Luís, our tech lead that wants to be Batman

Jump in and get to know Marzee Labs' incredible team.

We are back to presenting our incredible team as part of the Marzee clippings. This month we are happy to present our glorious Teach Lead, all-rounder Batman, full-stack developer, JavaScript expert and React enthusiast.

With a degree in biochemistry (yes, I know, no one would guess) Luís started to code for fun and ended up following a programmer career instead. Good for us!


Luís is a critical and logical thinker. There is nothing that he can't debug if he has his chocolate milk and cookies. He learns really fast and is able to work with a variety of technologies. His attention to details makes him an outstanding developer (also makes him that colleague that will instantly correct you if you write or say something wrong).

As our Tech Lead, Luís is great in tech architecture. He is currently responsible for proposing the best technologies for each of the projects we work in, being sure to share the pros and cons of each tech stack.

We did an interview with him, so you get to know him better. Prepare to be amazed.

What is like to work on the web/code for a living?

It's fun. I find programming to be a great mixture of logic and creative thinking. It's fulfilling to approach a task in both of those distinct but complementary lines of thought, and then seeing the results of that exercise out in the world almost immediately.

How did you become a developer?

For fun during college. At that time, I had a bunch of extensions and customizations for my Firefox browser, and some were "misbehaving". I thought about looking under the hood and seeing if I could fix them myself. The first such case was a simple stylesheet for the sidebar.

What are your favourite tech stack and why?

JavaScript, especially React frameworks, mostly because javascript is becoming increasingly powerful and intuitive to use. What are a few of your favorite development tools?

Atom to write code. Netlify to preview and quickly share some results. The rest is gravy.

What was the most challenging project you worked on and why?

I'd have to say it was a project where I was required to learn ElasticSearch (from never having used it at all, along with best practices) while implementing an instance in an AWS infrastructure for the first time. I was essentially learning both at the same time, and while the basics were easy, in that particular case we needed a lot of optimizing due to the characteristics of the project (indexing large amounts of data with well performant searches). I wound up confusing a lot about what was ES and what was AWS in the beginning. Thinking back on it just makes me face-palm.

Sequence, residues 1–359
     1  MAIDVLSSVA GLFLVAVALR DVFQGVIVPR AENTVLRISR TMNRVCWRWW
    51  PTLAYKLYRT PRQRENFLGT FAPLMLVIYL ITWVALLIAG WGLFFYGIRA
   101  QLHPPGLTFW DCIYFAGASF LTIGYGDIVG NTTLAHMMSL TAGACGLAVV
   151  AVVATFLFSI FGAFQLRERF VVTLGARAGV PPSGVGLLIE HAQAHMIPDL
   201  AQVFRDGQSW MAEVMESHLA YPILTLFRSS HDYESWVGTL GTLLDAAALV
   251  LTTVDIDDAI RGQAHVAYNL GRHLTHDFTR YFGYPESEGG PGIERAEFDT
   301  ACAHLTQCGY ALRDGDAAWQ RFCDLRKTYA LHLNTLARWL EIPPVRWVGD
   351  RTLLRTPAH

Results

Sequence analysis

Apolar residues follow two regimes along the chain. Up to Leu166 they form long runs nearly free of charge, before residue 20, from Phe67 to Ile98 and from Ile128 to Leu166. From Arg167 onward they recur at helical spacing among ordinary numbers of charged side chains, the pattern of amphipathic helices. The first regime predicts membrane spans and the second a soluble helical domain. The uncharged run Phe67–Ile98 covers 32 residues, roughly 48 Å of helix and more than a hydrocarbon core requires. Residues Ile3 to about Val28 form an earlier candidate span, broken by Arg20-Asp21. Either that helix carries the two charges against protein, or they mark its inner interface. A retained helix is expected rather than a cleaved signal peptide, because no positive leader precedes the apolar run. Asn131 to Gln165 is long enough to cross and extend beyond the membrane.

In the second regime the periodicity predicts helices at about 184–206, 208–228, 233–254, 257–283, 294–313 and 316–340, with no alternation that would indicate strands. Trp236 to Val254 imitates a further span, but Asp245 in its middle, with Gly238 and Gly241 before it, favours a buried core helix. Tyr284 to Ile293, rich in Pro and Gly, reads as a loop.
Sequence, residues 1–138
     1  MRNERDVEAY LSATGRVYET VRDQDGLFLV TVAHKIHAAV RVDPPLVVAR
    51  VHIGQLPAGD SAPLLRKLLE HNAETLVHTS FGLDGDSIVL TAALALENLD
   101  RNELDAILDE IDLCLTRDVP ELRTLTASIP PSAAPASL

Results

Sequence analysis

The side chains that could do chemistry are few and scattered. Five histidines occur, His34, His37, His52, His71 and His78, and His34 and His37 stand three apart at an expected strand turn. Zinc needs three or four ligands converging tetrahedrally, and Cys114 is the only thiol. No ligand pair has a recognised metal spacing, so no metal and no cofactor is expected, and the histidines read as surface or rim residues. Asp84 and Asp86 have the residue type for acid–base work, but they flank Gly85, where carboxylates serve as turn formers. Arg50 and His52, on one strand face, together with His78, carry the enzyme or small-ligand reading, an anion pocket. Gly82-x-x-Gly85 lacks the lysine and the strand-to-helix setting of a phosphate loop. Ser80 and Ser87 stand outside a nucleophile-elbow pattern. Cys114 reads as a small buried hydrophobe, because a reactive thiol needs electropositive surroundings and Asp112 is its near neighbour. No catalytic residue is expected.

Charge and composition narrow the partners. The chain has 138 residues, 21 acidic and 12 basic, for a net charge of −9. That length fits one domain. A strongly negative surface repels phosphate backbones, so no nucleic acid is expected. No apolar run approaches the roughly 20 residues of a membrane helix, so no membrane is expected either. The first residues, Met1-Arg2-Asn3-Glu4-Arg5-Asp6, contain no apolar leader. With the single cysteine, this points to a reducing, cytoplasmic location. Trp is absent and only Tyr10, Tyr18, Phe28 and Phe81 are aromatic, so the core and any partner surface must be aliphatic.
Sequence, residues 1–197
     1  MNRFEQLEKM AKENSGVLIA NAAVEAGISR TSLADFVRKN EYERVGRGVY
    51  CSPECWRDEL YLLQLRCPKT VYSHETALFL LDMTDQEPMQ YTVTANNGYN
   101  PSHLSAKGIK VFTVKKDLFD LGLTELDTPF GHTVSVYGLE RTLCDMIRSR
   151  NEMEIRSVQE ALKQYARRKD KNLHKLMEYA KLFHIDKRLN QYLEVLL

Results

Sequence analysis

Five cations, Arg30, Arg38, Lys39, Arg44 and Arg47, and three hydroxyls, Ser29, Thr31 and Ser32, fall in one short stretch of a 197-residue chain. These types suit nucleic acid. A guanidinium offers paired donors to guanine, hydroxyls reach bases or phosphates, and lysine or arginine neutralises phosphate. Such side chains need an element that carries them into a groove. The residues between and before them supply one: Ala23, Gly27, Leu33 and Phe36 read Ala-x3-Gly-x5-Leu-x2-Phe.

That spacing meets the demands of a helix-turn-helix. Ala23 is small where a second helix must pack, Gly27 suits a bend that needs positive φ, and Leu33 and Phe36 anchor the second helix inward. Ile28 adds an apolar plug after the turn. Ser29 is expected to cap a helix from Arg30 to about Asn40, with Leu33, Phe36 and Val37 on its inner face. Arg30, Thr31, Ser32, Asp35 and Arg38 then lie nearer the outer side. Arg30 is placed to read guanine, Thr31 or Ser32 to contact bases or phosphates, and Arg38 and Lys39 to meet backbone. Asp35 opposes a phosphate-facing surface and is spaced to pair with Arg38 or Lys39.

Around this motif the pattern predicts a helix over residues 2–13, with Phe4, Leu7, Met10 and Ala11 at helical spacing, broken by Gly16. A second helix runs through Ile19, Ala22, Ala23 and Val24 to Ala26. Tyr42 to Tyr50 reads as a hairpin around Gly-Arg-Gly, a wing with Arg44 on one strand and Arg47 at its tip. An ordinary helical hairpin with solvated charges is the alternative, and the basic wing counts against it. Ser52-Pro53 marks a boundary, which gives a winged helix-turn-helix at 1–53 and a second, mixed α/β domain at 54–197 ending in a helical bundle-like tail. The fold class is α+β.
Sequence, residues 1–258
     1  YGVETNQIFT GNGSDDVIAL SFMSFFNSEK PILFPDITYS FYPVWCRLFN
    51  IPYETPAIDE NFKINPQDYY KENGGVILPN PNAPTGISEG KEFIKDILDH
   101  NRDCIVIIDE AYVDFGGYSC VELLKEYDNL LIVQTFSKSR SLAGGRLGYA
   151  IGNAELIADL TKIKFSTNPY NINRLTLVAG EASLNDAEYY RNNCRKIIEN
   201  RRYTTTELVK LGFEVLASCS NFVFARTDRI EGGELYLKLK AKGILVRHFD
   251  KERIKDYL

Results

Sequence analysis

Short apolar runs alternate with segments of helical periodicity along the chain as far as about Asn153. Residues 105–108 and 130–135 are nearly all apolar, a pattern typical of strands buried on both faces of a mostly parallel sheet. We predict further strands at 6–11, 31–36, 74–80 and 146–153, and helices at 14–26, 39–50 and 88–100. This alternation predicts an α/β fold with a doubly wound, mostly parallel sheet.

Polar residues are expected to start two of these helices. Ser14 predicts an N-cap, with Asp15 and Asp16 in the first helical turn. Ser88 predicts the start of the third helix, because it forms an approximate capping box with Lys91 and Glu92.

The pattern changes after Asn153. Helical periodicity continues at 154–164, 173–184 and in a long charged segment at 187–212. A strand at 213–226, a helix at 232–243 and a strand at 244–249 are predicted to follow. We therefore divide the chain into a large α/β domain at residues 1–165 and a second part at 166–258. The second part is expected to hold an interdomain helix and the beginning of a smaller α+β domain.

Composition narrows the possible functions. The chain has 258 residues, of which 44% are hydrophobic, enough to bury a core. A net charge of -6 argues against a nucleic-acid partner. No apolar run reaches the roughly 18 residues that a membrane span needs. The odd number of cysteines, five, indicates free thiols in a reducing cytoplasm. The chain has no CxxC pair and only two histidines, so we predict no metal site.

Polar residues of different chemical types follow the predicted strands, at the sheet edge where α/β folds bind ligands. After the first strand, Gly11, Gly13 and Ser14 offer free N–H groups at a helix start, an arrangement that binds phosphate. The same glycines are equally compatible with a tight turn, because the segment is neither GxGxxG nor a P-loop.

How do you approach a mystery bug?

With a cookie in my hand and chocolate milk nearby. Besides that, with patience mostly. Try to replicate it first, then dig into the code with lots of console.log's to try to figure out what's going on.

What coding standards are mandatory for you?

Organization is key, well-named directories and files go a long way to figuring out what's going on. Lining is also critical for me, as it leads to better code consistency, making it much easier to read. I also prefer a modular approach whenever possible, as it helps with reusing code, as well as organization. Beyond that I also try to write modern code, transpiling down only if necessary.

What inspires and motivates you?

Challenges go a long way to keeping me motivated, keeping the brain active avoids repetition and monotony. Being paid to work is a big source of inspiration as well.

If you could have a super-power, what would you most prefer? Would you use it for good or evil? What super-name would you be known for?

I would be able to see 3 seconds into the future. That way I could foresee what people do, and do it before them, or hamper their efforts. Everyone would believe I could read their minds, and frightened they would consider every single thought they have into exhaustion and insanity. My name would be Captain Déjà Boo!

Luís in the interwebs:



JAMstack is funny. Technologically, it's both super simple and a paradigm shift in building websites. In some ways, it's a rejection of websites getting so complicated.

In my experience, developers generally find the benefits of the JAMstack easy to comprehend. What can be more difficult for developers to comprehend are the trade-offs that this can often require for the folks who create and edit content. But, until recently, the JAMstack largely just passed that burden onto the non-technical content creators and editors.

Nowadays, if you want to do search engine optimization (SEO) properly you have to think beyond the desired keyword, title, and other tags.

A course to expose you to the variety of ways you can use the Serverless Framework, and serverless technologies generally, in your frontend development work.


  • [Porto] Thursday, December 12, 2019 - Nerdzão PT #6 - There will be 2 lectures [TBD]. Stay connected.

  • [Porto] Thursday, December 19, 2019 - Porto Codes: Infrastructure as code using Terraform We use git to keep track of what changes we do to our code, and why we do them. Some use Chef/Salt/Puppet to keep track of server installations. I use terraform to apply the same process to manage my AWS accounts, both personal and professional.

  • [Porto] Thursday, December 19, 2019 - #3 Agile Beer Porto Obeya Room- Why agile teams are not enough, por Marco Pinheiro.


AWS Luís gave a talk during the last JAMstack OPO meetup. He presented a serverless case study with AWS. His presentation is available here.

JAMstack Our last edition of JAMstack OPO meetup was organized together with Porto Codes and we had a full room of people happy to learn and discuss JAMstack.

DrupalDayLX Community sharing and participation are always important. Our front-enders went to the Drupal Day Lisbon this year.